Updated 21 May 2013

Vitamin B2 (riboflavin)

Vitamin B2, a yellow-green fluorescent pigment, was first recognised in 1879. Its significance, however, was only understood by the 1930s. It was synthetically produced for the first time in 1935.

Vitamin B2, a yellow-green fluorescent pigment, was first recognised in 1879. Its significance, however, was only understood by the 1930s. It was synthetically produced for the first time in 1935.

Riboflavin (the name most frequently used on the labels of supplements and fortified foods) is one of the B-complex vitamins. All of these vitamins play an essential role in metabolism.

Riboflavin, like all the other B-complex vitamins and vitamin C, is a water-soluble vitamin. The B-complex vitamins are grouped together because of their similar physical properties and their presence in similar food sources.

Because of the close inter-relationship between the B-complex vitamins, it is important to note that the inadequate intake of one of the vitamins can result in the impaired utilisation of the others.

Although small amounts of riboflavin are stored in the liver and kidney, the body's stores easily become depleted.

What vitamin B2 does for you

Your body needs vitamin B2 to be able to turn the calories in the food you eat (in protein, fat and carbohydrates) into glucose so that your cells can use it for energy. The vitamin is important in the maintenance of many tissues of the body.

The vitamin also plays an important role in the protection of antioxidants. The word "antioxidant" refers to a substance that can inhibit the activity of free radicals - unusually reactive, strongly oxidising atoms capable of causing a wide range of biological damage in the body, of which the most pronounced is cancer.

Riboflavin also keeps the skin, hair and nails healthy. Research studies have also suggested that riboflavin has a beneficial effect on cataracts.

Which foods have vitamin B2?

Riboflavin, in its bounded form, is available in a wide variety of foods. Dark green, leafy vegetables, meat and dairy products are generally excellent sources of the vitamin.

Nowadays, many breakfast cereals and breads are fortified with the vitamin. Check food labels and pick products that are fortified with the vitamin.

Always choose wholewheat or unrefined carbohydrate sources to ensure a healthy riboflavin intake.

Yeast extract, such as Marmite, eggs and lamb’s liver are more specific examples of good riboflavin choices.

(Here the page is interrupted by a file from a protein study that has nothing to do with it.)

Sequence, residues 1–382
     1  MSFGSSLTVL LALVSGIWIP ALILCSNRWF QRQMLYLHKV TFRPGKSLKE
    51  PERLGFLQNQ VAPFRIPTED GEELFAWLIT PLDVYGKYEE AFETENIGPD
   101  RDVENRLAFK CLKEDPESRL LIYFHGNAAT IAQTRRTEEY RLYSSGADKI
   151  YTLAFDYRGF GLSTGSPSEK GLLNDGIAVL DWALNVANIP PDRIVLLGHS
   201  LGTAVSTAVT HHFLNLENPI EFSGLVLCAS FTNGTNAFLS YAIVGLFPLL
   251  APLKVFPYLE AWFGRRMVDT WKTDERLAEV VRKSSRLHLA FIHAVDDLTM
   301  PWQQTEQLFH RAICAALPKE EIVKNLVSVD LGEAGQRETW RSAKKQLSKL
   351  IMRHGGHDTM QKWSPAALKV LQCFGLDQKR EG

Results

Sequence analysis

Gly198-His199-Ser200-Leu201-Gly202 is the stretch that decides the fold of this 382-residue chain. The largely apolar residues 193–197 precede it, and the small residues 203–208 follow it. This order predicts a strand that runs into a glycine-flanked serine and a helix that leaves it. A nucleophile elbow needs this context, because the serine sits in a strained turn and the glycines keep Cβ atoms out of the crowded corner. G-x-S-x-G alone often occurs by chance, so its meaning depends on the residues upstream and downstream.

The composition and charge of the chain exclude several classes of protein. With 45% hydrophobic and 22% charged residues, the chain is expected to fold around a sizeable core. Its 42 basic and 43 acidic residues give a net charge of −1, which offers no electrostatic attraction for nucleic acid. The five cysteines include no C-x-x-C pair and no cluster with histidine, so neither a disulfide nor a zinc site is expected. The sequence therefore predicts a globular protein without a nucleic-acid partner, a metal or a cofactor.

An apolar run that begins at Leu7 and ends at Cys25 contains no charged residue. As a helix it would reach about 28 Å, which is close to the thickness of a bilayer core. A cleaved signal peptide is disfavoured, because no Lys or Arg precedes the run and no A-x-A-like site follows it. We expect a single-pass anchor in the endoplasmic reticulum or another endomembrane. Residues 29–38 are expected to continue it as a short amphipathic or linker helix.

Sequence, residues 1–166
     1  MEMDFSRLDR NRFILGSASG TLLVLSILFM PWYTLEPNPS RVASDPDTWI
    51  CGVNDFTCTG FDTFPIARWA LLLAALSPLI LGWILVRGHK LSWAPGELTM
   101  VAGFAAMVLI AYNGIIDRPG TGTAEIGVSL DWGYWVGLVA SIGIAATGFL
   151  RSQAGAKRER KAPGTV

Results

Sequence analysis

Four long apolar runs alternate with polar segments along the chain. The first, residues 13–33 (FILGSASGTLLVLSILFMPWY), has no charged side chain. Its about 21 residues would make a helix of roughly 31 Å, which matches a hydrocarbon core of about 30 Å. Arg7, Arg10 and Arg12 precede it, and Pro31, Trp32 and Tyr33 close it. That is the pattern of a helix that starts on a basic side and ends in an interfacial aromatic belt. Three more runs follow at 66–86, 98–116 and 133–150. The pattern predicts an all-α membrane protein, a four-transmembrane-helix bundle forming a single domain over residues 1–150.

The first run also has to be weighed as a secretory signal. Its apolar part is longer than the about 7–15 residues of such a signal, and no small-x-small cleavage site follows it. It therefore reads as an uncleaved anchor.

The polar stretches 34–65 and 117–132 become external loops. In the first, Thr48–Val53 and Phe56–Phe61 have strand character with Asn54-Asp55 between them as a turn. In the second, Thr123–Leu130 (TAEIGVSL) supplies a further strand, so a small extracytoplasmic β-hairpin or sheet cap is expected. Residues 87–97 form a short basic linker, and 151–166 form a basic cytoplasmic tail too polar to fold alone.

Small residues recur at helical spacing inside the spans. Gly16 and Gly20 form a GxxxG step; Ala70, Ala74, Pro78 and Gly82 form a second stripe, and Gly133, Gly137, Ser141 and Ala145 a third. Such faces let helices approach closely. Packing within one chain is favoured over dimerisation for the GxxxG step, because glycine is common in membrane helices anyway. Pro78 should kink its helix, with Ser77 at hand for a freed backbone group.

How much vitamin B2 do you need?

The riboflavin content of foods or supplements is expressed in milligrams (mg).

The recommended dietary allowances (RDAs) for different life stages is based on the amount required for normal body reserves, urinary excretion of the vitamin, red blood cell content, as well as other, more complex factors.

To compensate for losses, pregnant and breastfeeding women should have a higher riboflavin intake.

Adults need between 1.1mg (women) and 1.3mg (men) of riboflavin per day. Roughly speaking, that’s the equivalent of two bowls of fortified breakfast cereal. Pregnant women need 1.4mg, and breastfeeding women need 1.6mg, per day.

How much vitamin B2 is too much?

The safe upper limit is 200 mg daily, although high oral doses are generally considered to be non-toxic.

Like all the other B-vitamins, excess riboflavin is excreted through the urine. You may notice that your urine is of a darker colour if you've taken riboflavin by means of supplements.

Do not take more riboflavin than is advised on the supplement's label or more than a doctor prescribed. If you do, however, suspect an overdose, call your doctor immediately.

Signs of deficiency of vitamin B2

Since the body doesn't store great amounts of riboflavin, deficiency can occur if sufficient amounts aren't included in the diet for an extended period of time. Riboflavin deficiency usually occurs in combination with other B-vitamin deficiencies.

Early signs of deficiency include abnormal intolerance of light ("photophobia"), the production of excess tears, burning and itching of the eyes and burning of the lips and tongue.

Later symptoms include cracks in the lips, mouth corners and skin, as well as a purple, swollen tongue.

New research on vitamin B2

Using vitamin B2 with iron supplements can relieve anaemia. It’s also been shown to help some candidiasis sufferers, as well as relieving the symptoms of carpal tunnel syndrome and cramps during pregnancy.

Some researchers believe that migraine headaches are caused by a reduction of energy production by cells in the head. Since riboflavin plays a part in the process of energy metabolism, adequate intakes of the vitamin may actually help to prevent migraines.

Too much vitamin B2 can cause cataracts, but so can too little.


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